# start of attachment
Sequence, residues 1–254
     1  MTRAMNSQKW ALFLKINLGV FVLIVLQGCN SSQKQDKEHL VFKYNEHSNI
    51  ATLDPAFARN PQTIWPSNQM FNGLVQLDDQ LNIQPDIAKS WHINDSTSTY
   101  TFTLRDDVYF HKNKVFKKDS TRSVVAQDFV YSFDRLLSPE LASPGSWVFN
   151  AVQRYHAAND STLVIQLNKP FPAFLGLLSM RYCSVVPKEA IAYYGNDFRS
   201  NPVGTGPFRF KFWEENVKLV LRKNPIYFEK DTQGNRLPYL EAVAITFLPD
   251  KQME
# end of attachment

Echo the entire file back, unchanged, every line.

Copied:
Sequence, residues 1–254
     1  MTRAMNSQKW ALFLKINLGV FVLIVLQGCN SSQKQDKEHL VFKYNEHSNI
    51  ATLDPAFARN PQTIWPSNQM FNGLVQLDDQ LNIQPDIAKS WHINDSTSTY
   101  TFTLRDDVYF HKNKVFKKDS TRSVVAQDFV YSFDRLLSPE LASPGSWVFN
   151  AVQRYHAAND STLVIQLNKP FPAFLGLLSM RYCSVVPKEA IAYYGNDFRS
   201  NPVGTGPFRF KFWEENVKLV LRKNPIYFEK DTQGNRLPYL EAVAITFLPD
   251  KQME